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Howard Sherman: Producers beware – short-run Broadway shows don’t always bear Christmas gifts

Josh Kaufman, Bianca Ryan and Candice Glover in Home for the Holidays. Photo: Carol Rosegg
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Amid the seasonal declarations of a “new box office record” and “highest weekly gross ever,” one Broadway entertainment show is quietly bucking the trend.

Odds are you haven’t heard of it, or spoken with anyone who has, because in its first three weeks of a six-week holiday run, the concert Home for the Holidays has sold fewer than 10,000 tickets in total.

If that number still impresses – and it might in comparison to Off-Broadway venues where weekly capacity might only be 1,600 to 2,400 seats – be aware that potential capacity in that period was almost 27,000 seats.

To put it even more starkly, in its first three weeks, its highest weekly gross was just under $63,000 for an eight-performance week, yielding an average ticket price of $24.54. This suggests that a large number of tickets were being sold at a very steep discount, or given away free.

If this were a regular Broadway production with an open-ended run, or even the common 14 to 16-week booking, presumably the show would close. It is no doubt running below even the lowest “stop clause” – a provision in Broadway contracts that allows theatre owners to require a show to close if its weekly grosses drop below an agreed-on sales figure.

But Home for the Holidays is an interim booking, occupying the Wilson prior to the arrival of the musical Mean Girls in just a couple of months. And it’s possible that as the holidays – and the wildly lucrative week between Christmas and New Year’s Day – arrive, seasonal spirits might lift Home for the Holidays towards more festive returns.

Photo: Howard Sherman

The benefits of short bookings while theatre owners wait for a major tenant to arrive make economic sense, and Home for the Holidays is hardly the first such production to attempt such a run.

In the past three seasons, there have been iterations of The Illusionists, and rock concerts from Elvis Costello and Duran Duran have made fleeting stops over the years, as have more conventional theatre offerings such as the musicals Elf and A Christmas Story. But Home for the Holidays would seem to be an object lesson in the risks such brief stints pose for producers.

Major Broadway shows offer what may be their best prices, via discount offers, during preview periods, which can run from four to six weeks. Shows that don’t have big-name artists attached often take some time to ramp up in sales. Even after rave reviews, it usually takes a couple of weeks before sales capacity fills up, since Broadway isn’t necessarily an impulse buy for most consumers. Even with the acceleration of social media, word of mouth takes a while to spread as well.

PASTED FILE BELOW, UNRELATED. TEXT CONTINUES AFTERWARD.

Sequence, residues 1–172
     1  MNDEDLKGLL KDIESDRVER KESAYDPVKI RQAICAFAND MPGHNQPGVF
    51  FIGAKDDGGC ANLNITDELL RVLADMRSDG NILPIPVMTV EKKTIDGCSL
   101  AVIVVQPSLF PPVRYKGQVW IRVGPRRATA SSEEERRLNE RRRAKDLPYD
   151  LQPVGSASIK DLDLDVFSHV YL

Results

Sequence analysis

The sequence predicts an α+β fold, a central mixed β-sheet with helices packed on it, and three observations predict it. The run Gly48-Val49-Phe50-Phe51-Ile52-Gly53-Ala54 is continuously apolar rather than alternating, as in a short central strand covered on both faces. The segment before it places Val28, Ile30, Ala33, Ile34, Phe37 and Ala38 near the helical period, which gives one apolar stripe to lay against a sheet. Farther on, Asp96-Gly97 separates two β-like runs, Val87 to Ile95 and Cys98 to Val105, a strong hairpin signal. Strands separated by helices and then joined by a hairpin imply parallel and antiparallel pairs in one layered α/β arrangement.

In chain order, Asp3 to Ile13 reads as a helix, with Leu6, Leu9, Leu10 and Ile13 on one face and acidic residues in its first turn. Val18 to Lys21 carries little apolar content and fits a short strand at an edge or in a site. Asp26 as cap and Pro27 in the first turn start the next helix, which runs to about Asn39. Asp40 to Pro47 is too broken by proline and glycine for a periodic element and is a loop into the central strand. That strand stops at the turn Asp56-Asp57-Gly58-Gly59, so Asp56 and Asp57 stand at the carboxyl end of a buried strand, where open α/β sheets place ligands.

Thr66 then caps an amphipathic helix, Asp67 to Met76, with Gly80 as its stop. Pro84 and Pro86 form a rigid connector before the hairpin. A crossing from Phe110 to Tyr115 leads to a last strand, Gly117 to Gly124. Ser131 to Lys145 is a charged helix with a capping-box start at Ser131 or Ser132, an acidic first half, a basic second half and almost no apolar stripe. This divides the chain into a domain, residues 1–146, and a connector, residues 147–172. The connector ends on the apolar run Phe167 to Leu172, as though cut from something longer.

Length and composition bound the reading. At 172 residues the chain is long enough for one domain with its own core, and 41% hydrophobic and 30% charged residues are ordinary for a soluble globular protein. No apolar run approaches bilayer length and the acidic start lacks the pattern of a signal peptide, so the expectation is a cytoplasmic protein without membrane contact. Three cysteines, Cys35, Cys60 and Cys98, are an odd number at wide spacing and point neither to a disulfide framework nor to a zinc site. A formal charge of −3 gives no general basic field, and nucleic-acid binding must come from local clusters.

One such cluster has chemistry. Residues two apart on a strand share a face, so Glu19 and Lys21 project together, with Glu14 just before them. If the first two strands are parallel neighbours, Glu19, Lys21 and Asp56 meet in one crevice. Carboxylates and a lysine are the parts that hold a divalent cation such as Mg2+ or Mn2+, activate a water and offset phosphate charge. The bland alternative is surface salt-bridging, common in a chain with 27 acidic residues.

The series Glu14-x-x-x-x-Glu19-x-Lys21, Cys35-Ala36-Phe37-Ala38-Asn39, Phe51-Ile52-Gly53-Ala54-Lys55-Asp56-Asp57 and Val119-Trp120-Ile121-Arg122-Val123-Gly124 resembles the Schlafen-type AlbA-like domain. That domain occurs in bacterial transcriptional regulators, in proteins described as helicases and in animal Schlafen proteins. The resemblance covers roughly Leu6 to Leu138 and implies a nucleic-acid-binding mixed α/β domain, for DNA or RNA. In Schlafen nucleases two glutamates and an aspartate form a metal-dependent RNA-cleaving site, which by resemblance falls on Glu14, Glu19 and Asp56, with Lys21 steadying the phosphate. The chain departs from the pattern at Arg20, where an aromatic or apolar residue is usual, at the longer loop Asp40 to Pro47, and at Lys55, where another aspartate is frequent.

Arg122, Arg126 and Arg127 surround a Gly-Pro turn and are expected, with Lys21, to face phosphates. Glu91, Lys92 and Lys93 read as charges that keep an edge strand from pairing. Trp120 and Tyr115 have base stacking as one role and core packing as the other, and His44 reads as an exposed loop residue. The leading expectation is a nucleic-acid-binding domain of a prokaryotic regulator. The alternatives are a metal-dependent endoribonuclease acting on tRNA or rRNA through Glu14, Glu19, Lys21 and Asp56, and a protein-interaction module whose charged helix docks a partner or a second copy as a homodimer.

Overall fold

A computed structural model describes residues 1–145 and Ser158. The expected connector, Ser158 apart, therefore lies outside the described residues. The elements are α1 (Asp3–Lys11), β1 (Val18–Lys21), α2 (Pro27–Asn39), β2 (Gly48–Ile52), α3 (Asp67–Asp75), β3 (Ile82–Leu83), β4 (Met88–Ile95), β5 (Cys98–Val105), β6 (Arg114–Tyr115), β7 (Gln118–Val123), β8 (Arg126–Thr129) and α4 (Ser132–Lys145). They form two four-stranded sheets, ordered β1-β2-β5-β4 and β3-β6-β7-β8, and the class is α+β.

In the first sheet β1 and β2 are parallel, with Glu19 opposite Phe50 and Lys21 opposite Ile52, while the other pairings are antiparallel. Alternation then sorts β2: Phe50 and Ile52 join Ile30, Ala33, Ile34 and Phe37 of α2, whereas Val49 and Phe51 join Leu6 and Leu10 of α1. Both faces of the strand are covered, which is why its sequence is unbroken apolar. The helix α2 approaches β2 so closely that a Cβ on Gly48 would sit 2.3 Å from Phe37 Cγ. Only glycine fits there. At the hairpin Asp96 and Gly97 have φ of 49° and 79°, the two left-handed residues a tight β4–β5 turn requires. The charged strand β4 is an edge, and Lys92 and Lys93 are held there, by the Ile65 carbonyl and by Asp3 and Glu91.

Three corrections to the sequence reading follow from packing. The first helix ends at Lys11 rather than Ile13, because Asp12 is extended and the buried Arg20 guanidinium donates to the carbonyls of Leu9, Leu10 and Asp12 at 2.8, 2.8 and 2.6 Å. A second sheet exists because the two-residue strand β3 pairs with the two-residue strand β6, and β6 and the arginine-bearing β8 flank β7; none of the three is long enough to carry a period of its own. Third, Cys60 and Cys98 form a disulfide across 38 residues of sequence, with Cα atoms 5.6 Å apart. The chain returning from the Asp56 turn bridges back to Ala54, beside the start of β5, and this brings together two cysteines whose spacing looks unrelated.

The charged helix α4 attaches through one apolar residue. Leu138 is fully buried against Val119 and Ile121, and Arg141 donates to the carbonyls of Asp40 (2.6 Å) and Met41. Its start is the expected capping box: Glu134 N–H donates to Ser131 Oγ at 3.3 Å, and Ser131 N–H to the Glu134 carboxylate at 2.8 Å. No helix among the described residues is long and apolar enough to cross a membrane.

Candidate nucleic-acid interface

Brief runs have even less time to benefit from those factors. Home for the Holidays features singers who have competed on such televised competitions as The Voice and American Idol, the actor Danny Aiello and its emcee was from the Real Housewives TV franchise. Apparently all this failed to add up sufficiently to generate the kind of interest that would have been vital to advance sales.

None of this is written to denigrate Home for the Holidays, which I chose not to see at during a particularly busy moment for new theatre productions in New York.

But its fortunes are worth studying for would-be producers of short-stay events, because it demonstrates the level of risk and uncertainty that can be part of such undertakings.

The fullest analysis will only be possible when the run is complete. But it certainly shows that just getting a production of any kind to Broadway isn’t enough: it’s an undertaking that requires careful advance planning and shrewd marketing and promotions, especially if its opportunity to capitalise on its stay in prime entertainment real estate is truly limited.

This week in US theatre

Speaking of creative limited runs, Cruel Intentions: The Musical opens Sunday not on Broadway or even in a typical Off-Broadway theatre, but rather at Le Poisson Rouge, a nightclub/concert venue in Greenwich Village. Adapted by Lindsey Rosin and Jordan Ross from the 1999 film – itself based on Les Liaisons Dangereuses – and directed by Rosin, it plays only until the end of January.

The Royal Court’s production of Lucy Kirkwood’s The Children opens on Broadway on Monday, with its original cast of Francesca Annis, Ron Cook and Deborah Findlay intact, once again under James Macdonald’s direction. The production marks Kirkwood’s Broadway debut.

The Children review at the Royal Court, London – ‘provocative and accusatory’

 

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